Watching the rhythm of your heart is getting quite a bit easier. AliveCor, the originators of the to-go ECG smartphone market, have announced FDA clearance of the KardiaBand single-lead ECG device for the Apple Watch.
MedGadget November 30, 2017
The device is capable of detecting atrial fibrillation, a common heart rhythm disorder that’s difficult to diagnose, and because it’s always on the wrist of the user, readings can be done at any time. It costs $199, but to receive all the services, such as unlimited recordings, automatic atrial fibrillation detection, and sharing of readings, there’s also an annual $99 subscription.
It can record up to 30 seconds of an ECG, which can be easily shared with the doctor. If an arrhythmia is detected, and mind you that not all of them are, the Kardia App on the watch will let you know, so you’ll know to make sure to send that particular recording to the doc.
AliveCor now also has something called SmartRhythm, which is an algorithm that compares the user’s heart activity with the physical activity, as measured by the accelerometer and other sensors within the watch. When the two our don’t seem to match, there may be a serious underlying condition that perhaps should be checked into via a stress test and or other means.
“This is a paradigm shift for cardiac care as well as an important advance in healthcare,” in AliveCor’s announcement said Dr. Ronald P. Karlsberg MD FACC, of Cedars Sinai Heart Institute and UCLA’s medical school. “Today, EKGs are available only in offices and hospitals, using complex equipment, and usually only after a life threatening event, for example a stroke. With an EKG device on the wrist, AFib can be detected wherever the patient is, 24 hours a day. In randomized research trials, KardiaMobile, the first AliveCor EKG device, proved to be superior to routine care provided by physicians. Today, KardiaBand is a giant leap in personalized health care.”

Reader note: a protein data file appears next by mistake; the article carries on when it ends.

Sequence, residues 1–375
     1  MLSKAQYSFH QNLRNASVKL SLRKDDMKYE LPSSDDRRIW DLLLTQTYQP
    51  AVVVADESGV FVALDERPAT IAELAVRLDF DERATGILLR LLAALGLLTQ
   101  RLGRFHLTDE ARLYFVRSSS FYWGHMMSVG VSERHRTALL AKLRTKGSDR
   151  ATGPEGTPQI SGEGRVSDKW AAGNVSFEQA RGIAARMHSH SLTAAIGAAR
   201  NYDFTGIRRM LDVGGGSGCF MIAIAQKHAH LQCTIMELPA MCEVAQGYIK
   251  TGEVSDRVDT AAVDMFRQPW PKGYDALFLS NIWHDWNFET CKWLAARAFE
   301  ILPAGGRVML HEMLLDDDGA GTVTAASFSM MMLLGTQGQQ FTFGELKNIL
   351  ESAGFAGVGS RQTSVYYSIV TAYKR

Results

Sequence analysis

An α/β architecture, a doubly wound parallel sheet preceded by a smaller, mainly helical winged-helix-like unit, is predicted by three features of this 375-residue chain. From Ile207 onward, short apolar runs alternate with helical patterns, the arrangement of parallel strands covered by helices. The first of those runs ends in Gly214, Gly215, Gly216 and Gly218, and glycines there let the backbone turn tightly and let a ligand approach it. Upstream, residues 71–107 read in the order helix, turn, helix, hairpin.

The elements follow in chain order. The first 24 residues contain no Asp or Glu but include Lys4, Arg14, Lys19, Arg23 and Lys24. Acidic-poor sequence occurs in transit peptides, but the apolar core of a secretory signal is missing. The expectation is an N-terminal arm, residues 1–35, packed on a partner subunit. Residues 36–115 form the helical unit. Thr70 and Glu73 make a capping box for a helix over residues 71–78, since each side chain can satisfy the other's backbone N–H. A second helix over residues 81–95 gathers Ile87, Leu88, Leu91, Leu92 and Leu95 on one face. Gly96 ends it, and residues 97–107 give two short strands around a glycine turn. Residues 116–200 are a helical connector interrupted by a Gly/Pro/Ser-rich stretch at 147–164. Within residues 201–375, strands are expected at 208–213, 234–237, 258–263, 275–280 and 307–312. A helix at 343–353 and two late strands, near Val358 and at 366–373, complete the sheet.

|Taking an EKG is easy with KardiaBand from AliveCor. Published on Youtube Nov 30, 2017|
|Apple Heart Study launches: Anyone with Apple Watch can participate|
Apple has now officially launched its previously announced Apple Heart Study with the release of the Heart Study app. In partnership with Stanford University, the Apple Heart Study aims to see if the Apple Watch can accurately identify arrhythmias with its heart rate tracking technology and notify users of possible atrial fibrillation.
Unlike the gold standard electrocardiogram (ECG), which measures the electrical activity in your heart, Apple and most other consumer wearable companies use LED lights flashing hundreds of times per second and light-sensitive photodiodes to detect the amount of blood flowing through the wrist as an indicator of the heart’s activity. This method, while simpler to use, has been typically viewed as less accurate than ECG sensors, so the ability to detect potentially fatal arrhythmias would be a significant step for the overall health wearables market.
Users who are 22 years or older and own an Apple Watch series 1 or newer can download the app, which will periodically collect heart rate and rhythm samples throughout the day, depending on how active the user is. If an irregular heart rhythm is identified, participants will be alerted and will be offered a free phone or FaceTime consultation with a study doctor and also receive an ECG patch to wear for additional monitoring.
Click here to download the app and join the Apple Heart Study
AliveCor Introduces World’s First 6-Lead Consumer ECG, the KardiaMobile 6L in Medgadget
Stanford Medicine to collaborate on Apple Heart Study in Stanford Medicine
Apple Heart Study launches to identify irregular heart rhythms in Apple Newsroom
Bridging the Gap Between Wearables and Healthcare in AliveCor
Apple, Stanford launch Apple Heart Study to improve atrial fibrillation detection in Mobi Health News
Center for Digital Health awards first seed grants, 1,000 Apple Watches to five teams in Stanford Medicine
Smartphone Heart Monitor Beats Doctors at Diagnosing Atrial Fibrillation in IEEE Spectrum
Apple Watch: The ‘Check Engine Light’ For Our Bodies in American Council on Science and Health ACSH
Mobile Application Detecting Atrial Fibrillation Reduces the Risk of Stroke in University of Turku
Using AI to detect heart disease in University of Southern California